About This Project
Our previous study on the decay of forest waste products found that the compost produced by wild fungi holds up to twice as much carbon as natural montane soils (duff, produced by natural organic decay).
"The carbon sequestration potential of fungally produced composts" will investigate the carbon contents of post decay composts produced by white and brown rot fungus both in situ and in the lab. These techniques could aid in the natural sequestration of carbon in soils.
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What is the context of this research?
The ever growing climate crisis is a unique problem for the human race. We can easily understand the excess CO2 we are injecting into the atmosphere. And therefore we can agree that reducing emissions can fix that problem. The excess CO2 already in the atmosphere is a trickier problem. Short of relying on natural systems, and their normal schedules, we don't have a lot of novel methods of sequestering carbon- removing and isolating it. The methods of fungal decay of waste woody materials we have been studying might be such a path by stabilizing the wood's carbon. And our ability to quantify and therefore target sequestration is one of the answers we are seeking. The fact that this method doesn't require high technology, just the ecology of nature itself, is an added benefit.
What is the significance of this project?
When we began researching the use of native wood rotting mushrooms to rapidly decay the waste products of forest restoration we noticed our mushroom compost was almost twice as rich in carbon as the natural forest duff.
This led us to wonder if there could be a way to increase the carbon density of our recycled soils by using specific fungi. Fungi called brown rotters leave a post decay product high in lignin. White rotters leave a compost high in cellulose. We want to quantify the amounts of carbon sequestration in both scenarios, as well as identify the specific type (and stability) of that carbon.
Soils in Boreal forests can contain up to 85% of the captured carbon of the entire forest system. In Montane forests that amount is closer to 25%.
What are the goals of the project?
We will get a baseline of the carbon sequestration potentials of the composts of different mushrooms. Using our rapid decay methods we will run multiple volumes of wood based substrate with 8 selected mushroom strains. Four white rotters and 4 brown rotters. We will use DNA barcoding techniques to verify the species and identify their type of rot throughout the experiment. In the end we will measure total organic carbon as well as the fractions of cellulosic and lignitic carbon to determine the stability of the compost. We want to increase the carbon holding capacity of our soils, keeping it out of the atmosphere and slowly halting the growing dangers of more warming. We want to absorb CO2 into our trees and soils, safe stores of carbon.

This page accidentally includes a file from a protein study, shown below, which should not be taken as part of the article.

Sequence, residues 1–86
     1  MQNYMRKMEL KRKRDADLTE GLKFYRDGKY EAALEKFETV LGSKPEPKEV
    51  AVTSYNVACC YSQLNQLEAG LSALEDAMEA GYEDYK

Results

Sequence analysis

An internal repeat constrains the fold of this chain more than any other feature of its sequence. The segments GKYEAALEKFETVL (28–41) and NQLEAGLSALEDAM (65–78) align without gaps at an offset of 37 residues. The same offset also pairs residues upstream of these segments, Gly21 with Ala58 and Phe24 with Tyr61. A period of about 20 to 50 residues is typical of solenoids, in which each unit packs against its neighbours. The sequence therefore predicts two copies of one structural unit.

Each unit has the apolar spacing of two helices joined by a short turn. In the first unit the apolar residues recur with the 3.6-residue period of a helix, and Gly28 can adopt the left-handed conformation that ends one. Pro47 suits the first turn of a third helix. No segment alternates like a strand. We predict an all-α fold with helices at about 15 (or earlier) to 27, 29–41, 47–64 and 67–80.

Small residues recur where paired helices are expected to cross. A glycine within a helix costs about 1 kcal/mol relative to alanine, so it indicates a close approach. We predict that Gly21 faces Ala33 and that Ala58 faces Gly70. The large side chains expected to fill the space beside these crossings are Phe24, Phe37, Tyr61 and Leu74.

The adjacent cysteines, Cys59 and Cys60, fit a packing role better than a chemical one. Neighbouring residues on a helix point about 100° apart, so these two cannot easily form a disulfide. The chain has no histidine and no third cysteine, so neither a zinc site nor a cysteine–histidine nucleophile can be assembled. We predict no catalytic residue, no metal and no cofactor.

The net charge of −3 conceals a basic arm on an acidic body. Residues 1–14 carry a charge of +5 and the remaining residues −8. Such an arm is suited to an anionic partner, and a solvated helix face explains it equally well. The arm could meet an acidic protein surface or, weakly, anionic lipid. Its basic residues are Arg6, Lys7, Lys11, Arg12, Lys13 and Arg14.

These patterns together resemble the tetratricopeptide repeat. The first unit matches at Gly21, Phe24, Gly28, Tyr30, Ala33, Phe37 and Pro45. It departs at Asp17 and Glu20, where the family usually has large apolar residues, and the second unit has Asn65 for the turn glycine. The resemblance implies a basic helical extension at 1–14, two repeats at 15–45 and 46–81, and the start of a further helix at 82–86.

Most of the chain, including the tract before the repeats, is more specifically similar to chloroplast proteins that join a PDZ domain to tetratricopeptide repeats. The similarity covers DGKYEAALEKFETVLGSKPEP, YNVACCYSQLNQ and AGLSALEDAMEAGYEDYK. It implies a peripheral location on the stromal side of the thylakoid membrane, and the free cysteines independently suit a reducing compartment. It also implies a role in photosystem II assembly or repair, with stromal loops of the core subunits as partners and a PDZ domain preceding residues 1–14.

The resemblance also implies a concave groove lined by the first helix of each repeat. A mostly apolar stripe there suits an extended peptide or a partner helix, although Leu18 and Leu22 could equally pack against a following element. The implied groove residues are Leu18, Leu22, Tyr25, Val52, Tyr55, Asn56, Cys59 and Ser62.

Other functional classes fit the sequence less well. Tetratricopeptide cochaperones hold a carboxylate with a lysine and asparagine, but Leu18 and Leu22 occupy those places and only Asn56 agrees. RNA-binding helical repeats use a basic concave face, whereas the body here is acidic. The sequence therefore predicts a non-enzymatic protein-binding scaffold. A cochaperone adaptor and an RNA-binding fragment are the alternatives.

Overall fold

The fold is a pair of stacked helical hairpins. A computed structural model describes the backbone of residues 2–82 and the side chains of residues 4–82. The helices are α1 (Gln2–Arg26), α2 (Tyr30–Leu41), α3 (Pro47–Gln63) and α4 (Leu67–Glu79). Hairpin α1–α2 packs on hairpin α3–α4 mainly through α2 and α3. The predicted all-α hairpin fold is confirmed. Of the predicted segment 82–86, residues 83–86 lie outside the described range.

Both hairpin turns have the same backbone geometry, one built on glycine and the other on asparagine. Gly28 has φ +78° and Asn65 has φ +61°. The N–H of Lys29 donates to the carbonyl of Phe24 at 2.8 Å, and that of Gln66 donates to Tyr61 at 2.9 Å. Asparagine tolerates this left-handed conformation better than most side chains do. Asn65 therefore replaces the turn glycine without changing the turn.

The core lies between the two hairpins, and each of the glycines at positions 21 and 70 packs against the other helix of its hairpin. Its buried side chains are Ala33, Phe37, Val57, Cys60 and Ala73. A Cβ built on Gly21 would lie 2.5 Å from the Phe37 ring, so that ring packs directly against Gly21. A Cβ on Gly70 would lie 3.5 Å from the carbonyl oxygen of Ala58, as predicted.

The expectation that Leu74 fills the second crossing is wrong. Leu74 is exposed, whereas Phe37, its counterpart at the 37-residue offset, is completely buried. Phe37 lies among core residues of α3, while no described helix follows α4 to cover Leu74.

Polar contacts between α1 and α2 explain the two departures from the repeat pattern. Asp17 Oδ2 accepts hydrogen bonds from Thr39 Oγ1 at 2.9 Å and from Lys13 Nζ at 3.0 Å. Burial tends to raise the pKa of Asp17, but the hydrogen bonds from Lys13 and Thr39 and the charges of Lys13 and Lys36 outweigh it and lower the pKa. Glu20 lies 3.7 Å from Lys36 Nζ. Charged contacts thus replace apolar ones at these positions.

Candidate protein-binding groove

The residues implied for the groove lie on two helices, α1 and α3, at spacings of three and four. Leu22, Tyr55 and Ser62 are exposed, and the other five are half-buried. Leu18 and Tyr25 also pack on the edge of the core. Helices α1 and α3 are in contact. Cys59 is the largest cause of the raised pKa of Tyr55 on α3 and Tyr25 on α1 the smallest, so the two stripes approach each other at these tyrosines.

The experiment will be a stand-alone investigation of the carbon sequestration potentials of certain wood rotting mushrooms. While this is a piece of our overall investigations in myco-restoration, it is designed to generate a stand alone paper.
We will run 7-8 species on a standardized wood substrate. Mushrooms identified as "brown rotters" will produce a compost rich in lignin- a recalcitrant form of carbon polysaccharide. "White rotters" will produce a compost rich in cellulose, a less carbon-dense material that in our previous study suggested the possibility of increasing the carbon density of the produced composts over natural soils.
DNA labeling will be used to track our species from pure dish culture to post decay compost.
We will need a semi-sterile, climate controlled facility for incubation that is free of other organisms or experiments.
This experiment is being conducted by non-profit organizations- Coalition for the Upper South Platte and Denver Botanic Garden
This experiment will begin in the Winter of 2022 and run through 2023, with replications is required. The final paper will be prepared for publication in Winter 2023 to Spring 2024.
Jul 27, 2022
Sep 10, 2022
Zoom type meeting with funders to kick off project and outline experimental design
Dec 10, 2022
Quarterly update meetings
Mar 11, 2023
Next Quarterly meet up
Jun 10, 2023
And so on...
Meet the Team
Jeffrey Ravage is a practicing forest manager and Naturalist in central Colorado. His work includes ecological mitigation, post-fire restoration, afforestation, myco-restoration and carbon protocol work. Mr. Ravage is an Adjunct researcher for the Sam Mitchell Herbarium of Fungi at the Denver Botanical Gardens. He is a member of the Mycological Society of America and the Colorado Mycological Society.
I am the Assistant Curator of Mycology in the Sam Mitchel Herbarium of Fungi at Denver Botanic Gardens. I've been studying the biodiversity of macrofungi (mushrooms, corals, puffballs, and other 'fleshy' fungi) for nearly two decades. My expertise is in fungal systematics (mapping out relationships between fungi) and taxonomy (the classification and naming of organisms). I primarily use DNA sequence data to help me better understand fungal biodiversity and my current goal is to use my skills and expertise to better understand and document the diversity of macrofungi in Colorado and the greater Southern Rocky Mountain region.
Nothing posted yet.
This study will involve partnerships between The Coalition for the Upper South Platte, the Denver Botanic Gardens, Colorado State University Soil, Water and Plant testing lab and CQuestor analytics labs.
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